The coronavirus pandemic is creating perhaps the biggest crisis for Australia’s federal system since 1901 when six disparate British colonies in the so-called Great Southern Land united to win collective independence. The country has never been as divided as it is now.
State borders that were previously little more than photo opportunities are now fortified in a bid to keep out residents from Covid-hit places. Separated family members are defying police orders by hugging each other across the barricades, and some Australians have been denied the right to retrieve their children or visit dying relatives.
In the densely populated southeastern states where Sydney and Melbourne are located, governments are abandoning the aim of eliminating Covid-19 and want to start reopening closed businesses and schools as early as next month and borders later this year. But the country’s more sparsely populated north and west are doubling down on “Covid Zero,” zealously defending a strategy that’s allowed local residents to live maskless and with ease, though cut off from the rest of the country and the world.
“Before this pandemic, no one would have cited freedom of movement—between states and to and from overseas—as being important or significant to Australians, because it was just assumed,” says Frank Bongiorno, a professor of history at the Australian National University in Canberra. “But those rights have been drastically reduced, and that will forever change people’s conceptions of where they fit in the political order and even how they relate to authority.”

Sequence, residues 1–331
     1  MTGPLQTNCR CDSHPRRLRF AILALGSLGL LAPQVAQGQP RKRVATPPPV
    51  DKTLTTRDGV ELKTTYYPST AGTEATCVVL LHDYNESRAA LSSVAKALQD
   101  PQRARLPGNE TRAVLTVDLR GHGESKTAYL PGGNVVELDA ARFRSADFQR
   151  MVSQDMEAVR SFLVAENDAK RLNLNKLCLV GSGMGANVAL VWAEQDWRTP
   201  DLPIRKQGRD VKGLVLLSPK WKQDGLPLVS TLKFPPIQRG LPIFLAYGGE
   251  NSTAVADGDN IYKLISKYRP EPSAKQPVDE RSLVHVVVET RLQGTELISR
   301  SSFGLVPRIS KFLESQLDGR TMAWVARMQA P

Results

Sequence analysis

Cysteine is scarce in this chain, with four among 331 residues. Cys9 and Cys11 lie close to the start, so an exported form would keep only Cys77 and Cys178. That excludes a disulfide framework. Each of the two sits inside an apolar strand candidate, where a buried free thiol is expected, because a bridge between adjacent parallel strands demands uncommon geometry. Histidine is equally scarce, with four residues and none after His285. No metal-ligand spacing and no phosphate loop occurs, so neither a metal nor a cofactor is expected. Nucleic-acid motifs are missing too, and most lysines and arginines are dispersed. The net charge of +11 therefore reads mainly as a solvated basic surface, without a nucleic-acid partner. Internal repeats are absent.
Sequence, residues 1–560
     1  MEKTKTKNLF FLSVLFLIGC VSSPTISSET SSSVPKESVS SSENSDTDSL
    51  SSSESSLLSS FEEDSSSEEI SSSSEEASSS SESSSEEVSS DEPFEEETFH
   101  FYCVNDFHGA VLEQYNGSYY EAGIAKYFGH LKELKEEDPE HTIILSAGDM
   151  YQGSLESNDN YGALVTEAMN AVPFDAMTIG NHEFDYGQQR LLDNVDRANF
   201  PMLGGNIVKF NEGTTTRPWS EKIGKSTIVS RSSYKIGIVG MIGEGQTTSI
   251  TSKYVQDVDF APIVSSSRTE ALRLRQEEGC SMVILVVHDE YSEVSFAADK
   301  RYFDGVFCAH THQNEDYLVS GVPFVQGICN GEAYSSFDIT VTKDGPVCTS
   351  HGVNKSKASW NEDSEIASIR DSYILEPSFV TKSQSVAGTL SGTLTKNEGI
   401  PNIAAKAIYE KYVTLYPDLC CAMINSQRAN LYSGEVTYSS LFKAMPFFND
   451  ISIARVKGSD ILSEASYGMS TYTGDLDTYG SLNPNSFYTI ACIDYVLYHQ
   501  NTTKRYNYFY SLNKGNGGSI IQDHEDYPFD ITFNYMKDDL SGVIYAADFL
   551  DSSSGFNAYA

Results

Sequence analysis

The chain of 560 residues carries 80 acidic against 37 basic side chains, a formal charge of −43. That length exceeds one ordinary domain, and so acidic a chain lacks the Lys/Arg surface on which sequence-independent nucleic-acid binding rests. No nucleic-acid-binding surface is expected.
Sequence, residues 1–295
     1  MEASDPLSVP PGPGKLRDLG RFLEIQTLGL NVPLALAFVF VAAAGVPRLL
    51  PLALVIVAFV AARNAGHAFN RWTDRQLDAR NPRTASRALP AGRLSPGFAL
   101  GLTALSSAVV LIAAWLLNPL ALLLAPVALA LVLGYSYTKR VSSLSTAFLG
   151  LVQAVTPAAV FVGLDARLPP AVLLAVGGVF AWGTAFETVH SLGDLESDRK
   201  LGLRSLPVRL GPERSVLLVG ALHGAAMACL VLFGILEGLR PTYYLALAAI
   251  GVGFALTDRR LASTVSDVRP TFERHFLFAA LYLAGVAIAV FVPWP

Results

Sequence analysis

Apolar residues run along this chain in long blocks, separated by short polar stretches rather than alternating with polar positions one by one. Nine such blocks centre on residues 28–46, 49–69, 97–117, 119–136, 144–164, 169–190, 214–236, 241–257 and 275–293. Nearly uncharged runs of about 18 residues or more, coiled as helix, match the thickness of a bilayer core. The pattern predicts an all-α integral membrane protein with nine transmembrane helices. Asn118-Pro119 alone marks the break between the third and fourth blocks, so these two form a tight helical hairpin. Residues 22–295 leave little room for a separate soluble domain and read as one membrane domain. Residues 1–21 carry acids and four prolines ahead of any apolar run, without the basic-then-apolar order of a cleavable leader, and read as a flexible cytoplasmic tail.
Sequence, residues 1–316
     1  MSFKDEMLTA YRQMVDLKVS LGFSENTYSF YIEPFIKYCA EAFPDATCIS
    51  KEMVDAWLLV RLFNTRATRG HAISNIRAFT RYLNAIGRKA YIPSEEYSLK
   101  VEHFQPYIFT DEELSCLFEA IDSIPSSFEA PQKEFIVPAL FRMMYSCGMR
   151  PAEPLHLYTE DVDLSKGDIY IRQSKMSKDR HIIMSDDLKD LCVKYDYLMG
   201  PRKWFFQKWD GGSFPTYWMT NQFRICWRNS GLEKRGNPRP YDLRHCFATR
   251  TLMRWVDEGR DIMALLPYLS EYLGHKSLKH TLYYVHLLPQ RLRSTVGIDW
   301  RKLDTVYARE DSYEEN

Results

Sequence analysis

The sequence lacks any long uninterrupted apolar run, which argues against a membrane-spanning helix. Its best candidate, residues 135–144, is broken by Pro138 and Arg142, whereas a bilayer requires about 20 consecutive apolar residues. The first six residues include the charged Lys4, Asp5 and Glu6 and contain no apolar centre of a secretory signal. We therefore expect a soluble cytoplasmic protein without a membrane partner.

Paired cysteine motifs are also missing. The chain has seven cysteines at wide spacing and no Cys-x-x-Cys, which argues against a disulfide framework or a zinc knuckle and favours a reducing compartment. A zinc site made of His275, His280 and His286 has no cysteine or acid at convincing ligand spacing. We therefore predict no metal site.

Things were very different last year. In March 2020 the country closed its international borders to noncitizens and nonresidents. It won global praise for stamping out local outbreaks with snap lockdowns. Australia’s 26 million residents were able to lead largely normal lives, and deaths from the virus stayed below 1,000 even as hundreds of thousands died in the U.S. and Europe.
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